Hundreds of immigrant mothers march in D.C., bringing calls for citizenship bill to Biden
Over 40 demonstrators were arrested in a peaceful march where Immigrant mothers demanded a pathway to citizenship.
Hundreds of immigrant mothers who played critical roles during the harshest months of the COVID-19 pandemic are now bringing their demands for a comprehensive path to citizenship to Washington D.C. in a march on May 12.
Over the course of the pandemic in the U.S., 5.2 million undocumented immigrants have worked in “essential” jobs. They faced higher rates of exposure to the virus, and now immigrant essential workers are known to be more likely to contract it.
Of these, 1 million are considered Dreamers under the American Dream and Promise Act, and have protections if they’ve filed for the Deferred Action for Childhood Arrivals (DACA).
But the remaining 4 million don’t have protection from deportation, meaning one day they can be considered the heroes of the pandemic in the workforce, and the next, they could face deportation.
This is why just days after the nation celebrated Mother’s Day, the same immigrant mothers who were celebrated are now marching on the Capitol to bring their citizenship concerns to President Joe Biden.
Hundreds of immigrant mothers, community members, activists, and allies along with participating organizations and labor rights groups, marched from the Republican National Committee to the Senate offices to hold a ‘People’s Hearing’ on essential workers. Participants blocked traffic in front of the Senate building, holding banners, posters, and images that read “Don’t break my mother’s heart,” and shirts reading “My Mom is essential.”
During the march, Capitol police issued several warnings to demonstrators for blocking the intersection, citing “civil disobedience.” Dozens of police surrounded demonstrators that sat in the middle of the intersection.
Immigrants rights group CASA later tweeted: “WE ARE STANDING IN THE MIDDLE OF THE STREET, TAKING UP SPACE AND ADVOCATING FOR IMMIGRANTS,” and later wrote: “ImmigrantMoms have stood by us during the pandemic and we will stand by them no matter what!”
In the end, Capitol police removed demonstrators who were blocking traffic by ordering them to move, pulling some to their feet. Over 40 demonstrators were arrested in the process.
— CASA (@CASAforall) May 12, 2021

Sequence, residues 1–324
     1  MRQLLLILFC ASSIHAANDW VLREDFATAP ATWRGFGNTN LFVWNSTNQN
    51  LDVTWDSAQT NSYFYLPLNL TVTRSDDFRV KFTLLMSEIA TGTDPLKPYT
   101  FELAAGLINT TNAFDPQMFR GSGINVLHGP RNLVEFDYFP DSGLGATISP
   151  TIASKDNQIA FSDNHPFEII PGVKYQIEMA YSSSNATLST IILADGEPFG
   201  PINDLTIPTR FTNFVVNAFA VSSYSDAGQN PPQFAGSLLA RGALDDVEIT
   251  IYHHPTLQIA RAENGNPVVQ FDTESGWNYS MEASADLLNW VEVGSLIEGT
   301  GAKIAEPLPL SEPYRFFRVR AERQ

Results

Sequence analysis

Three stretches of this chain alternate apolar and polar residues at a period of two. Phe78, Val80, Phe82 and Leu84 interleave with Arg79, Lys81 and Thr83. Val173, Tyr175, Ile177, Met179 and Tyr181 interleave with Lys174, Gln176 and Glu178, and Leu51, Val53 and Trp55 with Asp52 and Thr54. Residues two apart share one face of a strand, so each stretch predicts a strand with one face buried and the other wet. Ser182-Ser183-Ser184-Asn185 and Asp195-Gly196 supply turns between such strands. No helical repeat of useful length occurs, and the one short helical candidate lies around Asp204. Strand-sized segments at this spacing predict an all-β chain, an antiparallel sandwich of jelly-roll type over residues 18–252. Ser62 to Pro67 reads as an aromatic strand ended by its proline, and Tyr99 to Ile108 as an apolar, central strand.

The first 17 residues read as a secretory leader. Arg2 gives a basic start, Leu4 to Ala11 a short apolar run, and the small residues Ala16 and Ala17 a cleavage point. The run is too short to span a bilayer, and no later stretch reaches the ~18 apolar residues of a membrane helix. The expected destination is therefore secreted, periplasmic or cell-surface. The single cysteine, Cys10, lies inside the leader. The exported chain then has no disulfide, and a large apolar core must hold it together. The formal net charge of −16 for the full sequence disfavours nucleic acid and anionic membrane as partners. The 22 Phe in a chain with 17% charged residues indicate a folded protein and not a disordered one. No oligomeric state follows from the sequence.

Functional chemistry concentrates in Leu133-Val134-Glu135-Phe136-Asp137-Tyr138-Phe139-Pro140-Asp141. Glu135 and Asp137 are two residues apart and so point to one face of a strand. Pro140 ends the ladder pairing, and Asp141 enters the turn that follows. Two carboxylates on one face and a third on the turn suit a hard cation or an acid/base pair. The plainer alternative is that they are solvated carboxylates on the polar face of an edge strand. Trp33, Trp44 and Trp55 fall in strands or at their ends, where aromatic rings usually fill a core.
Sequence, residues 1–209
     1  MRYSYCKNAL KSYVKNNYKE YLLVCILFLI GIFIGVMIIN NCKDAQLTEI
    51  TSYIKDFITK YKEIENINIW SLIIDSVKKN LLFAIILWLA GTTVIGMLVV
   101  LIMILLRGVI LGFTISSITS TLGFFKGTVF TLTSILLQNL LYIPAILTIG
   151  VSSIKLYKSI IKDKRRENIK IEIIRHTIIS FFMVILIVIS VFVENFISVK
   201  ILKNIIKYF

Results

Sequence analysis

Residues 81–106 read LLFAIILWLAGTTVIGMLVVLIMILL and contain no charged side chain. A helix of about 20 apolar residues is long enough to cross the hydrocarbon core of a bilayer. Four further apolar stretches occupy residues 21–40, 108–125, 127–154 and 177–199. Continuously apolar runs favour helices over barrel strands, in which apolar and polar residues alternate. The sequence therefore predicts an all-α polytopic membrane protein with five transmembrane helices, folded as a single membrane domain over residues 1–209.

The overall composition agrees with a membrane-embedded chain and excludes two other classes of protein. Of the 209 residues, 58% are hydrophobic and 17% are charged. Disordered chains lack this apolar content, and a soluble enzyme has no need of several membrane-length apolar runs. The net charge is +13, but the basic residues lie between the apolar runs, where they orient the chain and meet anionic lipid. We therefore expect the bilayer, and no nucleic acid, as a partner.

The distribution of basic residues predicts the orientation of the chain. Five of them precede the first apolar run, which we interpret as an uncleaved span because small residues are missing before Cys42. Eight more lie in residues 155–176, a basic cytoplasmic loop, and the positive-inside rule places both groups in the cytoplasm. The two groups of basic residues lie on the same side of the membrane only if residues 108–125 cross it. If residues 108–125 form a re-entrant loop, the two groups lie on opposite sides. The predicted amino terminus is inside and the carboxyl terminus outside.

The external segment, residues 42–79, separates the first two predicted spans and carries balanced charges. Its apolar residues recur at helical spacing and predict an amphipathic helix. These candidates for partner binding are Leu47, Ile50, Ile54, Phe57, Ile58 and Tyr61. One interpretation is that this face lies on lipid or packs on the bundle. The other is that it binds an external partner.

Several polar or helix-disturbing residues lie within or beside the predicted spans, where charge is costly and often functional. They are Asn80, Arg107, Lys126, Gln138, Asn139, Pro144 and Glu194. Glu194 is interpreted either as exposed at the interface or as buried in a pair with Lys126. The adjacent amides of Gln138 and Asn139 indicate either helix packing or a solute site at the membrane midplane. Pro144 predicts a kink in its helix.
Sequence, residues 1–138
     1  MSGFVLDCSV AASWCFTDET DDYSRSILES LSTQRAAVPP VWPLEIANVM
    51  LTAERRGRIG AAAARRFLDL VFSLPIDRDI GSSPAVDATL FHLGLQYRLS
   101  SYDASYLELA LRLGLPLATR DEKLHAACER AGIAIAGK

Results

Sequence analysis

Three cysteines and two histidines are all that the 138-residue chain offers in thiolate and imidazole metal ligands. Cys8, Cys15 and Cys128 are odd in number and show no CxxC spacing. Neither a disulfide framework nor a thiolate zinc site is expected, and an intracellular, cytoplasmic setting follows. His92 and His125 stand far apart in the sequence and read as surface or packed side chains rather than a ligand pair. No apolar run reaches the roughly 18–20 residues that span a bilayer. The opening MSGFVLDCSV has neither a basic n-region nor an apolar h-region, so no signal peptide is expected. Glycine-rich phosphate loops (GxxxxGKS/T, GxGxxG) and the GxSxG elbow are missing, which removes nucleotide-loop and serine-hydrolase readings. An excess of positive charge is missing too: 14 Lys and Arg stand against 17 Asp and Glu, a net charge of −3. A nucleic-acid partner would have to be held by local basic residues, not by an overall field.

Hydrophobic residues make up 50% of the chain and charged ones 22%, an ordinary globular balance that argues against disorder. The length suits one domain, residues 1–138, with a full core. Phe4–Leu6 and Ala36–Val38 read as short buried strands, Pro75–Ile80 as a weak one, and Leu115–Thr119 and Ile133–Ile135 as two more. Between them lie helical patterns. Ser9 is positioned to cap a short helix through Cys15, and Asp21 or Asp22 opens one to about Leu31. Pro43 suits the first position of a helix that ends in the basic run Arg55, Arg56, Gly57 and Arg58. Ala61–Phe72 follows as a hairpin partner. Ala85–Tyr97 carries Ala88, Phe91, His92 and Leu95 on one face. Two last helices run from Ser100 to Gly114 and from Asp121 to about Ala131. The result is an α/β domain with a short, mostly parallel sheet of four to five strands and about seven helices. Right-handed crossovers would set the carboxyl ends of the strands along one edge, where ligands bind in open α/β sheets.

The march falls on the same day the Senate Judiciary Committee is hearing the Citizenship for Essential Workers Act, introduced by Alex Padilla (D-CA), Elizabeth Warren (D-MA) in the Senate, and Joaquin Castro (D-TX) and Ted Lieu (D-CA) in the House.
The bill provides a pathway to citizenship for undocumented essential workers by giving them Legal Permanent Residence, commonly known as Green Cards. It would allow undocumented essential workers who lost their jobs due to COVID-19 and undocumented family members of an essential worker who died of the virus to also apply for green cards.
The legislation would apply to undocumented immigrants working in a range of work sectors, including healthcare, construction, food, hospitality, home care, agriculture, child care, and more, including any other work labeled “essential” by the Department of Homeland Security, state, or local governments.
The march comes in the wake of Biden’s first 100 days, wherein he failed to provide a pathway to citizenship for undocumented immigrants in the country, especially those who risked their lives during the pandemic. On the path to his election, Biden largely campaigned on a progressive platform, including immigration reform.
Legislation was introduced earlier this year, but the divided Congress has stunted passing the Citizenship for Essential Workers Act, and including TPS and DACA holders in COVID recovery bills. Now, advocates are calling on Biden to include immigrant essential workers in his American Families Plan.
“Immigrant mothers worked both in their homes and in their communities. They helped their children navigate virtual school at home while also working as nurses, child care providers, and grocery store workers in their communities. Immigrant mothers and families did so much to help the country through this pandemic at such a high risk to themselves and their own families. They are essential, and they deserve a pathway to citizenship” CASA wrote in a press release.